And McCray stays out in the netherworld of having batted without having batted. Twenty-nine million dollars wasn’t enough for Bobby Bo. He had to take Rodney McCray’s only official plate appearance to date in 1992, too, McCray’s only official plate appearance as a Met to that point.

To that point. No, there is no solace or redemption or payoff to Rodney McCray’s night on April 24. Not only doesn’t he get to hit or even walk in the top of the ninth, he doesn’t get the team-first satisfaction attached to congratulating another Met for winning the game in extras, let alone get another chance for himself. In the bottom of the ninth, the Phillies loaded the bases versus Whitehurst, setting up Dave Hollins as the hero. The third baseman, gaining traction in what would be his breakout season (27 HR, 93 RBI), delivered a single past first baseman Bonilla to score future Met Jim Lindeman and give the home team the victory, 4-3.

McCray, however will have his moment at the plate eventually. It will take two weeks, another nailbiter, and a soaked Shea. On May 8, a rainy Friday night in Flushing, Torborg will mostly run through his bench against the Dodgers, bringing him to the bottom of the ninth in a 3-3 game and limited options; his last reserve, other than pitchers, is O’Brien, and old catcher Torborg doesn’t want to burn Charlie’s bat and thus lose his mitt, lest the Mets go to extras and something happens to Hundley (the Mets carried a third backstop, Mackey Sasser, but he’d already pinch-hit). Rodney, in his sixteenth game as a Met and the twelfth he’s entered as a pinch-runner, comes up in the order and comes up for real. The bases are loaded. There are two out. It’s the second time he’s stood in against a pitcher all year…but officially the first. As long as Junior Noboa, the baserunner on third, doesn’t try to pull a Bonilla and attempt to steal home, this one will count.

Rodney makes it count. Versus L.A.’s Tim Crews, he makes contact, pushing a grounder past a drawn-in infield. Noboa scampers home. McCray sprints to first. The other runners — Bonilla being one of them — run the ninety feet required of them to prevent a revisitation of Merkle’s Boner. There is no doubt about it. The Mets have won, 4-3, thanks to Rodney McCray, who is now a certified big league hitter, clutch RBI man and walkoff winner before the term is in common use. He’s a 1.000 hitter.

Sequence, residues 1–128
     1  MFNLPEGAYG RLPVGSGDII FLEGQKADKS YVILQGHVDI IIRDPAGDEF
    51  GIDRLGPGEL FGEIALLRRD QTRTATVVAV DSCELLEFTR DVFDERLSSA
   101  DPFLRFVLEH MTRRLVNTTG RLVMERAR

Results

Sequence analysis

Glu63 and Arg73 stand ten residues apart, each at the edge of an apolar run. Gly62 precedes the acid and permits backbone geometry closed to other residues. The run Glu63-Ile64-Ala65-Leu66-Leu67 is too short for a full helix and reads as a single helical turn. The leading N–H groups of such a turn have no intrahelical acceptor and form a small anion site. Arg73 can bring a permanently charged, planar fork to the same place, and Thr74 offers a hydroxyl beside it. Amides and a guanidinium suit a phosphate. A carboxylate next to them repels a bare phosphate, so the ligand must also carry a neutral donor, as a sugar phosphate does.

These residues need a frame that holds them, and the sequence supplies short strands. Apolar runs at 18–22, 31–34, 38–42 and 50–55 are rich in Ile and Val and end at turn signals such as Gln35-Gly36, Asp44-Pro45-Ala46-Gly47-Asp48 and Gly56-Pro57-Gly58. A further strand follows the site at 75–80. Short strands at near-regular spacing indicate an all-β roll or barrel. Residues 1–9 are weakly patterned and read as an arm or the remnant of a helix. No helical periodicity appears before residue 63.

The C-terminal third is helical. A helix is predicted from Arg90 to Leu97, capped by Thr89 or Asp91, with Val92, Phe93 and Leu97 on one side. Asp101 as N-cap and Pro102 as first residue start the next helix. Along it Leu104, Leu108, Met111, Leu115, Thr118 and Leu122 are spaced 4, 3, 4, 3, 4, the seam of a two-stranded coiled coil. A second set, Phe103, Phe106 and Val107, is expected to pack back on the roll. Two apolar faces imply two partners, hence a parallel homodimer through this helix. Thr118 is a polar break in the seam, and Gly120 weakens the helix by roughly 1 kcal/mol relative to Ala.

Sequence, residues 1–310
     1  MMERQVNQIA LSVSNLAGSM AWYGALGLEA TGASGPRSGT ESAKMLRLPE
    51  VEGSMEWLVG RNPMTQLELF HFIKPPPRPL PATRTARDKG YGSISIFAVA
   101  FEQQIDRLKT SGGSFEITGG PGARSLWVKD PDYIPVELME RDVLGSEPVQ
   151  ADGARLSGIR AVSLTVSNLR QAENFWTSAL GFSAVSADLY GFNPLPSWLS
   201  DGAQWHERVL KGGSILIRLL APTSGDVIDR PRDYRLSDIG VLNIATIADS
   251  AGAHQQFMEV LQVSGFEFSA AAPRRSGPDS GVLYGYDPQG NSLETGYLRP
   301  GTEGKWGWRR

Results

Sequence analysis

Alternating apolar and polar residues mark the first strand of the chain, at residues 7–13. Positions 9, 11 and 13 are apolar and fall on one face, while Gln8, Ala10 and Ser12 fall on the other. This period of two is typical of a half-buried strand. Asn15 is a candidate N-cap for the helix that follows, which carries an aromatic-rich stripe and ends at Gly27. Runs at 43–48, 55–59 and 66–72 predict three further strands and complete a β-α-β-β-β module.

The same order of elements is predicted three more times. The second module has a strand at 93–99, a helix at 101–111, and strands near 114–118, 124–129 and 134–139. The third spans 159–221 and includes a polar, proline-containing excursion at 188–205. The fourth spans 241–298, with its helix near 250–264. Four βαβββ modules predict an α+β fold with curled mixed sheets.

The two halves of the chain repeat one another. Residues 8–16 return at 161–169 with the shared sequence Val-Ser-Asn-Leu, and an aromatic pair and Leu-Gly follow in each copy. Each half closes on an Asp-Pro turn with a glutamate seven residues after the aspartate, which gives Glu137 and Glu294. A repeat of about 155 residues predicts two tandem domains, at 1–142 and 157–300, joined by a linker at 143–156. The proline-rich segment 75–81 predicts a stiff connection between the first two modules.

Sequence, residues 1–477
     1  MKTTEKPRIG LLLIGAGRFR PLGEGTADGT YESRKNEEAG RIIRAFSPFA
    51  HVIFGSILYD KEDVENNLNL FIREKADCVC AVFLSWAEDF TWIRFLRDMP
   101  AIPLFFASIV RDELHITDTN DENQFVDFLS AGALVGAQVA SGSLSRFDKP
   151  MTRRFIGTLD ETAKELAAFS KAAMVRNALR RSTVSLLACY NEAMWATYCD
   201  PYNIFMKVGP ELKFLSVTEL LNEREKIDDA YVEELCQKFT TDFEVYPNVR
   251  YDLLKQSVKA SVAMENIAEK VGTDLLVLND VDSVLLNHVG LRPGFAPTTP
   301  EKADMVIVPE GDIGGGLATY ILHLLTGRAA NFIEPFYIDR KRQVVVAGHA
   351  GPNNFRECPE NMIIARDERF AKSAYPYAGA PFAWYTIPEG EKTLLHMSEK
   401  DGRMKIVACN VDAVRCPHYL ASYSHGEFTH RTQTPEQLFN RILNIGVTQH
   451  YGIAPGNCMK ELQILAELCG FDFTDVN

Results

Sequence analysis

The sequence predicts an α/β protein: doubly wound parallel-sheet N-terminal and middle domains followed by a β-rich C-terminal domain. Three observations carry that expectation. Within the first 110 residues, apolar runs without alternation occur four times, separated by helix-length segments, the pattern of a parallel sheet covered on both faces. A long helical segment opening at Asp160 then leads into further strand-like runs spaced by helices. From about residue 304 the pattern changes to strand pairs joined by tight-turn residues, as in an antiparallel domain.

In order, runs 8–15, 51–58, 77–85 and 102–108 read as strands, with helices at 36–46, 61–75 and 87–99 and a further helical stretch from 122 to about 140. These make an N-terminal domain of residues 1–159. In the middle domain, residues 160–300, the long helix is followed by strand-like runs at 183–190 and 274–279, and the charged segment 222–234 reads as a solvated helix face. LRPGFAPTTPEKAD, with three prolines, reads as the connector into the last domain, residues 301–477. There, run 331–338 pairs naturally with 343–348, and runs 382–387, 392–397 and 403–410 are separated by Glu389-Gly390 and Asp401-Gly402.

Further, he remains a 1.000 hitter, because Rodney McCray plays twice more as a Met, pinch-running both times and staying in for defense on each occasion. On May 8, he makes us believe that maybe the “1992 Mets” will stand for something joyous. On May 18, his heroics ten days old and a week removed from his last activity, he’s optioned to Tidewater. He’s yo-yo’d later in May, never getting in another Mets game before being dispatched back to Tidewater. On June 11, the Mets, rapidly going nowhere en masse, unconditionally release him from their disheveled organization.

And that’s it. That’s the major league career of Rodney McCray, the guy who ran through that wall in that highlight. His final pro ball stops, in 1993, are with the Sultanes de Monterey in Mexico and the Thunder Bay Whiskey Jacks in Canada. That means he ended his final big league season by batting 1.000, slugging 1.000 and reaching base at a clip of 1.000. It’s kind of perfect.

Kind of.

For while we who engage in Metsian minutiae have long admired McCray for his membership in an exclusive club of a half-dozen Mets who made the most of their lone Met plate appearance by registering a base hit — the other five are pitchers Ray Searage (winning percentage 1.000, for that matter), Eric Cammack (he tripled in 2000) and Buddy Carlyle and catchers Dave Liddell and Gary Bennett — we now must also bemoan that, quite frankly, Rodney got robbed. He had a second plate appearance swiped from him by Bobby Bonilla. Bobby Bo couldn’t steal home, but he could steal this.

And, what of it? The man does have a pair of calling cards that few can claim. Rodney told the Mets Insider blog [16] this past December, in advance of his scheduled coaching stint at the club’s most recent fantasy camp, “A lot of players don’t have things to hang their hats on when they retire. I have two things: the crash and my 1.000 career batting average as a Met.” The Highlight is The Highlight. But The Average? Had McCray really and truly batted in Philadelphia on April 24, 1992, he might not have gotten that big hit the way he did on May 8 at Shea. He’d be 0-for-1 in the interim, no better than 1-for-2 in the semi-knowable universe. We don’t know what all would have played out. Rodney McCray, pinch-running specialist with a .500 average, before being sent down? Rodney McCray, with an .000 average, sent down maybe on April 25 because Torborg, who loved being aggressive with pinch-runners, maybe loses patience with a player he’s decided can’t do anything but pinch-run? Rodney McCray not being spoken of eternally by the likes of Mark Simon [17] and me in hushed trivial tones because he’s not in the 1.000 club and not the only Met to win a game in his only Met plate appearance?

I don’t know, but it seems if you come to the plate, it should state for the record that you appeared. Officially, I mean.